Contrary to the advance written notice procedures described in Appendix F-1, some DD Waiver individuals experience service reductions and other adverse actions without any written notice at all; and sometimes Waiver individuals are not informed of a reduction in their previously approved services until after the effective date of the decision to reduce those services. Sometimes the effective date of these retroactive reductions is weeks or months before the final decision was even made.
Pursuant to the DD Waiver provider manual, Appendix D, service authorizations may be “pended” when “additional information is needed from the provider.” If a request is “pended” twice, and the provider still fails to submit sufficient information, then the request may be “rejected,” after which a new service authorization request must be submitted. Neither “pends” nor “rejections” are considered adverse actions, so there is no right to written notice or to appeal a “pended” or “rejected” service authorization.
According to feedback that dLCV has received from Waiver individuals, families, service facilitators, and service authorization consultants, it is not uncommon for service authorization requests for personal care services to be “pended” multiple times and for a final decision to be made weeks or months after the requested start date for the service. This often occurs during the annual reauthorization of previously approved personal care services, and there is apparently no mechanism for continuing the previously approved services at their previously approved rate during the pendency of the reauthorization request. This leaves the DD Waiver individual in limbo for weeks or months, having to either go without services that were previously approved, or risking having those services delivered but not compensated in full if the final decision consists of a retroactive reduction in the amount of services approved.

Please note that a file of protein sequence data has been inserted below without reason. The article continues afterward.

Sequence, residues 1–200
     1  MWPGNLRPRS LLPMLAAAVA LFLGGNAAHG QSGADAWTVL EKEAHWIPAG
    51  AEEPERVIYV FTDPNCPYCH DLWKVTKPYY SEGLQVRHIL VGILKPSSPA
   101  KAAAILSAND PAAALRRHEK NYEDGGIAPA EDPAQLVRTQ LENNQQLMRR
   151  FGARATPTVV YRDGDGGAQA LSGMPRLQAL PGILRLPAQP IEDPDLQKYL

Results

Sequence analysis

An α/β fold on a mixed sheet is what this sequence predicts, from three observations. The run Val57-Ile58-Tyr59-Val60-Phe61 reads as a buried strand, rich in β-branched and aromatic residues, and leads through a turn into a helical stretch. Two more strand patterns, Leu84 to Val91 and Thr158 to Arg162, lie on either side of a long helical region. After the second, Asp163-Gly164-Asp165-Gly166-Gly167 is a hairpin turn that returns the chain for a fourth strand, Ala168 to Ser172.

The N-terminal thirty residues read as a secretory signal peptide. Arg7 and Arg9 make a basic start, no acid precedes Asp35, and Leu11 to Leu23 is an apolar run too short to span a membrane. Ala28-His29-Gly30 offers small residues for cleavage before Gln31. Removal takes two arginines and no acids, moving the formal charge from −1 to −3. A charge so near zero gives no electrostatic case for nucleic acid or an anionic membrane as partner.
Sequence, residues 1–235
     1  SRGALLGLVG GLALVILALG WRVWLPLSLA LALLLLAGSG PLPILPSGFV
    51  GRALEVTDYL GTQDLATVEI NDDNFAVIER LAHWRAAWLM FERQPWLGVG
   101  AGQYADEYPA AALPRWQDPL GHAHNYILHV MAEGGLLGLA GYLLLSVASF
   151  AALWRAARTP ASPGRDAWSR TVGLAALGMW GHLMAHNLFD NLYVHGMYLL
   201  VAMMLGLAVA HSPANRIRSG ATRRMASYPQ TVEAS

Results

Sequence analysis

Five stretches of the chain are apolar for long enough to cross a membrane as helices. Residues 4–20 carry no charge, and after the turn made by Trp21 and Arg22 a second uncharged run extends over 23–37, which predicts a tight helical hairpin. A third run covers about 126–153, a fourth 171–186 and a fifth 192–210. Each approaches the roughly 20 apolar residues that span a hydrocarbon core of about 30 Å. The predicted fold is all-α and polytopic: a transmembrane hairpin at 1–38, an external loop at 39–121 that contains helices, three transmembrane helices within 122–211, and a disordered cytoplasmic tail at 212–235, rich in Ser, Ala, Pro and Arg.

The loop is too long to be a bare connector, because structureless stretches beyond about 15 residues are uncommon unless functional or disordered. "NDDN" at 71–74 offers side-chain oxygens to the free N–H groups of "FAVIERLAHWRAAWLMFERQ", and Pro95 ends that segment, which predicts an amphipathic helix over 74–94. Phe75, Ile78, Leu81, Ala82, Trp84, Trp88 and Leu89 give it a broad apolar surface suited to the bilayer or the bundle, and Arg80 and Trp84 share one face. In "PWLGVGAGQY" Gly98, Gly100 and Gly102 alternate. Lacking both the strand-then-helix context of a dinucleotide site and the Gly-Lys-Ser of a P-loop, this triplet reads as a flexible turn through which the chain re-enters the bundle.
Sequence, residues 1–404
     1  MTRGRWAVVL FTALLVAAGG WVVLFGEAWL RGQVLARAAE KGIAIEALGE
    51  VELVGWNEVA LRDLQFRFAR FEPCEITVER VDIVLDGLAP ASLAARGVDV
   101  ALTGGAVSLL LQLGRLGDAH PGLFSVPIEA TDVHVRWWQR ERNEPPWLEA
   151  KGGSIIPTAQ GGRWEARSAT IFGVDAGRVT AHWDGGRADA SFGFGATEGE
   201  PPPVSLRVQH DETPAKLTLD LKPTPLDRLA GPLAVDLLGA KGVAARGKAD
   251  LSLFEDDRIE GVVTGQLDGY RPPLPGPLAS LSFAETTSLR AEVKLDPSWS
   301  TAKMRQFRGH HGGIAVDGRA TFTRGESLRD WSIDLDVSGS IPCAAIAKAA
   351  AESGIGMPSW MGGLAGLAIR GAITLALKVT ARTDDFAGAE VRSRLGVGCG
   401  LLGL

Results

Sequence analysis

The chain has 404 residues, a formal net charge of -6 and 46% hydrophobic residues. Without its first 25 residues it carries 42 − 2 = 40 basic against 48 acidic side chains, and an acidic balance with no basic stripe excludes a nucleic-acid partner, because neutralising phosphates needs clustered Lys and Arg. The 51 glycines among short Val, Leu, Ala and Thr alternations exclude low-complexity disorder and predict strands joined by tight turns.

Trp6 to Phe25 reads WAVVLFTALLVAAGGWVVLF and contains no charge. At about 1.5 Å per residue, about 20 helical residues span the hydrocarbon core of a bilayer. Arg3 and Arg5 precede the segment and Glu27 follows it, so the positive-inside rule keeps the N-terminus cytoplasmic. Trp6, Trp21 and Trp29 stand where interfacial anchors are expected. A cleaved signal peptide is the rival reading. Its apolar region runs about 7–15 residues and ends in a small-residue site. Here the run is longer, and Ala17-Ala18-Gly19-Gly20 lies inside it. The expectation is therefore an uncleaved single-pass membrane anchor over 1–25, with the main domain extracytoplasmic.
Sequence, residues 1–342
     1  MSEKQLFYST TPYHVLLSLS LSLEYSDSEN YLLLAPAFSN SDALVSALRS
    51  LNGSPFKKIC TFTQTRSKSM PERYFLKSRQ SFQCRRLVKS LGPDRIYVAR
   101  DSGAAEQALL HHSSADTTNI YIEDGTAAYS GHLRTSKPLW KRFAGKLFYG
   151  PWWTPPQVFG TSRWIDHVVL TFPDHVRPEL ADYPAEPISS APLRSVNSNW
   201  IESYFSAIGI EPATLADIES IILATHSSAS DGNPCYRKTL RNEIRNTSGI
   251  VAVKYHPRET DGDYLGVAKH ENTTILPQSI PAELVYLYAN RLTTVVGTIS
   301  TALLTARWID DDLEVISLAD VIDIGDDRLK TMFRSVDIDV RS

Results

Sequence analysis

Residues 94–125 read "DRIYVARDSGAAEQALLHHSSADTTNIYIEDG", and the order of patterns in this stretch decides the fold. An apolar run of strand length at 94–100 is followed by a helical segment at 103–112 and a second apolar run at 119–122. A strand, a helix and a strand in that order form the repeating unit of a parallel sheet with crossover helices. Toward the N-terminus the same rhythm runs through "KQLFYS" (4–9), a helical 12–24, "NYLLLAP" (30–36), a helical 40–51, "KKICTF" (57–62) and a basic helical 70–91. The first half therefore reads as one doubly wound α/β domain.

dLCV has also been made aware of instances when service authorization consultants have “pended” a service authorization request, not only to request additional information, as is described in the DD Waiver provider manual, but also to instruct the support coordinator and provider to resubmit the request for fewer service hours. When this occurs and the provider and support coordinator acquiesce, the Department treats the final approval of these services as a favorable decision, even if the result is a reduction in the Waiver individual’s previously approved services. Because these decisions are treated as favorable, the individual receives no written notice explaining why the service was reduced, and no notice of the individual’s right to appeal this reduction in services. These processes effectively deny Waiver individuals their due process rights by retroactively reducing, suspending, or terminating their previously approved services without written notice and without an opportunity to appeal. We are concerned that the heightened scrutiny that DMAS intends to apply to service authorization requests for personal care services when a legally responsible person is the provider of those services will exacerbate these due process violations unless the Department takes immediate steps to protect the due process rights of DD Wavier individuals.
Thank you for opportunity to comment on this document. If you have further questions regarding our concerns, please direct them to Robert Gray, dLCV Director of Compliance and Quality Assurance, at 804-225-2042 or Robert.email@example.com.
 See Molly O’Mally Watts, et al, Ongoing Impacts of the Pandemic on Medicaid Home & Community-Based Services (HCBS) Programs: Findings from a 50-State Survey (Nov. 28, 2022) (available at https://www.kff.org/medicaid/issue-brief/ongoing-impacts-of-the-pandemic-on-medicaid-home-community-based-services-hcbs-programs-findings-from-a-50-state-survey/).
 Developmental Disabilities Waivers Services Manual, Appendix D, pp. 1-2.